Other Uses For Kale
Whatever variety you choose for juicing, all kale is a member of the brassica family. It’s no coincidence that at least one type looks a bit like broccoli. Naturally, they’re related. Luckily, like the rest of the brassicas, kale is versatile.
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Along with brussels sprouts, and cabbages, among others, the brassicas are related to mustard plants. That explains why some kale is lightly spicy. Altogether, the group has many uniquely flavorful members.
Deciding which kale to juice is a matter of taste. The most common variety that you see in stores, Curly Kale, is lightly sweet and makes ideal drinks. Hence the popularity with the American audience. Dinosaur Kale and Russian Red make good alternates for juicing.
When you’re in the mood for a salad, Dinosaur Kale also makes a good addition. However, the Russian Red and Redboor also make great raw ingredients. Give the leaves a light rub with olive oil for a more supple salad.
Chinese Kale, the type that looks more like spinach can go into salads as well. However, it’s even better in a stir fry wok. The smooth leaves complement Asian inspired dishes and add a unique flavor.
For healthier soups, and outstanding chili, try adding the tougher kales. Luckily, the heat and moisture help to soften up those fibrous leaves. The result is a vitamin filed dish with a unique appeal.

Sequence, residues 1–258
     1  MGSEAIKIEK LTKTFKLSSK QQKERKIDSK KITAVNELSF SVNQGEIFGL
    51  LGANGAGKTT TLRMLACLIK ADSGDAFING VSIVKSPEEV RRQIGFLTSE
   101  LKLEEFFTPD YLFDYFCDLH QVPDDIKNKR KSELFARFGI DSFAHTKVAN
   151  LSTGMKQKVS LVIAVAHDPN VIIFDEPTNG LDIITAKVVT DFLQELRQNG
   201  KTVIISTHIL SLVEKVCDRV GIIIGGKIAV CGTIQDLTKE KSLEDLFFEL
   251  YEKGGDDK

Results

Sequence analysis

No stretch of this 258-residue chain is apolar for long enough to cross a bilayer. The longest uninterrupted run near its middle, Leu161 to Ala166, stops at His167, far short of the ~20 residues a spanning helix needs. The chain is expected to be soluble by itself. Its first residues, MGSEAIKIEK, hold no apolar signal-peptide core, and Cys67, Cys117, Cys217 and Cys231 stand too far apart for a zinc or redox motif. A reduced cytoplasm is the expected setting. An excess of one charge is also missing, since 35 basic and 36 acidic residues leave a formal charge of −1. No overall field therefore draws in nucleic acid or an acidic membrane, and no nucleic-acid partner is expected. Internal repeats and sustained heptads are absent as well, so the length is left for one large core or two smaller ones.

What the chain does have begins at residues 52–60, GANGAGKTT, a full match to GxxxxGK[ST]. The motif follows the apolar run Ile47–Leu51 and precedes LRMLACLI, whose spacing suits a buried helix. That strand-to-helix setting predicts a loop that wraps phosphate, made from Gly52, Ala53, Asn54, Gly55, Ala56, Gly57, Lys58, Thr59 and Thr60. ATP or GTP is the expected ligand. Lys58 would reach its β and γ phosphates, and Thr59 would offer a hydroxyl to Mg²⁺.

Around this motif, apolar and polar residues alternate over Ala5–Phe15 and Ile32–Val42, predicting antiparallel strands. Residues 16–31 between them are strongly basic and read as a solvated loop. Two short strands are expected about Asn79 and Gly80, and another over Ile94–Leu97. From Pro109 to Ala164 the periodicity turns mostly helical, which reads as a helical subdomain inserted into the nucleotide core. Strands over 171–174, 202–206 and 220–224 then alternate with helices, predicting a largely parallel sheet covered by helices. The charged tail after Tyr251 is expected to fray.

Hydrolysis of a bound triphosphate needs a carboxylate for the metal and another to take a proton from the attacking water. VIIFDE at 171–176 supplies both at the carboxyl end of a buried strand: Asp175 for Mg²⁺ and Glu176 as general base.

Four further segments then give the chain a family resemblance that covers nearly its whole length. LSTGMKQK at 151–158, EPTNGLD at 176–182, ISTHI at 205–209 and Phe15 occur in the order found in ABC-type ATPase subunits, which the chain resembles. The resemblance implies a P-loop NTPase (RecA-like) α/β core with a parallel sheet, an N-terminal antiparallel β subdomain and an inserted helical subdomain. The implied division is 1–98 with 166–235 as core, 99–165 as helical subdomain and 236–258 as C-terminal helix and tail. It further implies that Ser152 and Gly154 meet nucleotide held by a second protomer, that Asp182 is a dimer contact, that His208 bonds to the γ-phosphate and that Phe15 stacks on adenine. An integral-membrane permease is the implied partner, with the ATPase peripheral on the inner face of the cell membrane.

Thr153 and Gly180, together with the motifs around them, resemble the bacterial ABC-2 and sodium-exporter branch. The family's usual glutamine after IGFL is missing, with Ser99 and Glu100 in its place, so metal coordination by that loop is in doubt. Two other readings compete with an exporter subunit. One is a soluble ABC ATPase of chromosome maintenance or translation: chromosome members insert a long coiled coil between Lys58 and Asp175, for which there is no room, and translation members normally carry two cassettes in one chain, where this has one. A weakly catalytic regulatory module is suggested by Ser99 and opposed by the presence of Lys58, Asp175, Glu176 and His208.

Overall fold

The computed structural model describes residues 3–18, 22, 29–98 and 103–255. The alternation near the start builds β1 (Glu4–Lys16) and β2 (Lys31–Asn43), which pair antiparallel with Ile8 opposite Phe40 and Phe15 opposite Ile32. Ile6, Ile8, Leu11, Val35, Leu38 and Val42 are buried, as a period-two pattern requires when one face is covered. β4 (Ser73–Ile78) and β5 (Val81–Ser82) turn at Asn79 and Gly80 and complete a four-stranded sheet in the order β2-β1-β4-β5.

Lentil and other bean soups are especially delightful with some finely chopped kale. You can opt for bite-size cuts, or mince your greens up finely for a pervasive, but mild flavor boost.
What to Juice With Kale
One of the best things about kale is how much nutritional value it has. In fact, according to Healthline.com “Kale Is Among The Most Nutrient-Dense Foods on The Planet.” Resultantly, you can add anything you like to this superfood.
Whether you prefer berries or apples for a super sweet kick, or a carrot for lighter sweetness, you can add them to kale without worries. Whatever appeals to your palate works with this incredible juice. Try cabbage, celery or watermelon for a cool, hydrating summery sip.
Hopefully, you’re already juicing your kale. If not, then you should be. As a drink, kale is a quick and simple way to get a huge dose of your health needs daily.
Because juice makes more of the nutrients in kale bioavailable, you won’t miss out on any of this superfood. Make yourself a tall glass today, and every day.